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Wednesday, August 8, 2001
The Playoff: a Nice Guy (Casper) Gets the Grill
By Jim Murray
Special to

Editor's note: This column originally appeared in the Los Angeles Times on June 21, 1966.

San Francisco - There are certain things not meant to happen. You don't beat Man O' War. You don't strike out Babe Ruth with the bases loaded. You don't knock Joe Louis' head down onto the ring apron. The guys with the black hats don't win on television. John Wayne doesn't get shot in the back. You don't say "what was so great about Bernard Baruch?" You don't throw eggs at the Queen.

And you don't beat Arnold Palmer or Ben Hogan in a playoff for the National Open.

But we're living in an age of impudence. And the center of it, I'm afraid, is this sovereign city of San Francisco. This citadel of topless society, hallucinogenic headquarters of the universe, has no patience with idols.

Twice they'd held the National Golf Open here. The first time Ben Hogan was beaten in a playoff by a club-cleaner from Davenport, Iowa, who rose to obscurity on the strength of the feat.

Today, they put a banana peel under Arnold Palmer. I tell you, this place would scratch matches on the Mona Lisa.

Billy Casper, the player who beat Arnold Palmer is a nice young man. You'll never find him throwing stools in a bar, or eating stew with his fingers. You'd like your daughter to marry him -- if your daughter was the kind who liked to stay home nights and watch television. And go fishing on weekends.

Billy is exciting only when he's got a putter in his hands. Arnold Palmer is exciting just buttering his toast.

Billy however, is an impeccable golfer. His name is neat, dull, full of common sense. A bore, to be honest with you.

Arnold is as reckless as a salesman on convention. A round of golf for him is like a husband-and-wife fight -- messy, noisy, usually unnecessary, and hard on the family. He goes after a golf course like a man chasing chickens. He plays the game like a guy playing black-jack who gets 19 and says, "Hit me again!"

The most interesting things about Billy Casper are his diet and his former waistline. He eats the same things that Sitting Bull used to eat. To give you an idea, his wife overdid the bear meat the night before the playoff, so Billy resigned himself to a breakfast of swordfish. In between he addressed the Mormon Church group at Petaluma. Billy is allergic to everything the normal man eats except soup. He doesn't even put ketchup on his rhinoceros chops.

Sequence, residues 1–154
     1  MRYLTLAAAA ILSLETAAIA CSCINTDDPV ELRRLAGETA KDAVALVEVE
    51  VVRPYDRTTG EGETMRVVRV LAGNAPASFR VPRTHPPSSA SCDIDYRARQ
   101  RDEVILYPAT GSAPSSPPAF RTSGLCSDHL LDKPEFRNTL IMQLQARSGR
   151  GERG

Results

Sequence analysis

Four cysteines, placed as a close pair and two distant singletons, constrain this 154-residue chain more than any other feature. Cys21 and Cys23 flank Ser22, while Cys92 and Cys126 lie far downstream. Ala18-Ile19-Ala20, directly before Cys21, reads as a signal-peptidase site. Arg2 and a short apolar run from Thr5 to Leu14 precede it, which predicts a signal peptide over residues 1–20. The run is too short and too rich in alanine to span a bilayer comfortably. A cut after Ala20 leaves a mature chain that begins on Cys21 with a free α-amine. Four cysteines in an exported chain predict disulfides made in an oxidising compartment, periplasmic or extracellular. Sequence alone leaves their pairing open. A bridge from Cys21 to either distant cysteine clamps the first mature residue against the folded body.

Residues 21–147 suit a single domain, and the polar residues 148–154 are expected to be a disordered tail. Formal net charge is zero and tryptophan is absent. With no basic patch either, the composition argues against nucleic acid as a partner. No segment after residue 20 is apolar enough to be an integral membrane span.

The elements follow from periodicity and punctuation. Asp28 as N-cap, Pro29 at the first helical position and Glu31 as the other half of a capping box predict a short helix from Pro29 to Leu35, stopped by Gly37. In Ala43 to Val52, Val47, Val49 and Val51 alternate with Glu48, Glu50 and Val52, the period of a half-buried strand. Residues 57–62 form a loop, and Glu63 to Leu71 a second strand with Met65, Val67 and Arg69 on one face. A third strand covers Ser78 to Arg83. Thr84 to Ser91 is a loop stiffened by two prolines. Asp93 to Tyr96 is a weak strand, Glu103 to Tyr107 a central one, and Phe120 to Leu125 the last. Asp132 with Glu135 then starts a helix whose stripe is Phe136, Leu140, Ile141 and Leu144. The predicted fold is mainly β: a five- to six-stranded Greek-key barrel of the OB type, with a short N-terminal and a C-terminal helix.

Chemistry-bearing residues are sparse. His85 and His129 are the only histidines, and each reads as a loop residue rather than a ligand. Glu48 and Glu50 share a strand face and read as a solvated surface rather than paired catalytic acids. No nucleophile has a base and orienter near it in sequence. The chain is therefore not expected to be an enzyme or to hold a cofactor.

Arnold Palmer plays golf like the Perils of Pauline. He ends up hanging on a cliff all day. Billy plays it like a guy going over the books of U.S. Steel.

This golf course has now performed the same service to golfing history as John Wilkes Booth did to America. If they fought World War II here, the Japanese would have won.

Arnold Palmer has every right to win the U.S. Open. He's won one and he's been in a playoff in three others. He's won almost every tournament worthy of being mentioned in Bobby Jones' presence. But he played a highly peccable two rounds of golf here at Olympic. He played, in fact, as if the course owned him.

This is not to suggest Billy Casper's credentials are suspect. If there is really a Big Three of golf today, Billy is one-third of it. He would beat Gary Player two rounds out of three.

"You have got to romance this course a little bit," Billy said, as he pocketed $26,500, $2,650 of which will go to the Mormon Church. Arnold made $14,000, some of which will go to the National Distillers after those disastrous last two rounds. Arnold didn't romance the golf course. He tried to slug it over the head and drag it by the hair back to his cave. He's a golfer, not a lover.

But he blew a 7-shot lead with 9 holes to go. His shirt was out, his hair was mussed, he had his alpaca buttoned on the wrong button, and he went sailing into the course throwing crazy right-hand leads. He got out-pointed.

And then, there was young Billy Casper kissing the young lady on the hand and murmuring, "Honey, let me take you away from all this." And she did.

Mighty Casey had struck out. The dude walked off with the schoolmarm. The nice steady fella got the girl instead of the handsome, curly-haired, two-fisted kid.

I'll tell you one thing: It'll never make a movie. Who would want the part of Billy Casper? Jack Fleck?

This column originally appeared in The Los Angeles Times. Reprinted by permission. All rights reserved.

Jim Murray, the long-time sports columnist for the Los Angeles Times, won the Pultizer Prize for commentary in 1990. He died Aug. 16, 1998. Help | Advertiser Info | Contact Us | Tools | Site Map | Jobs at
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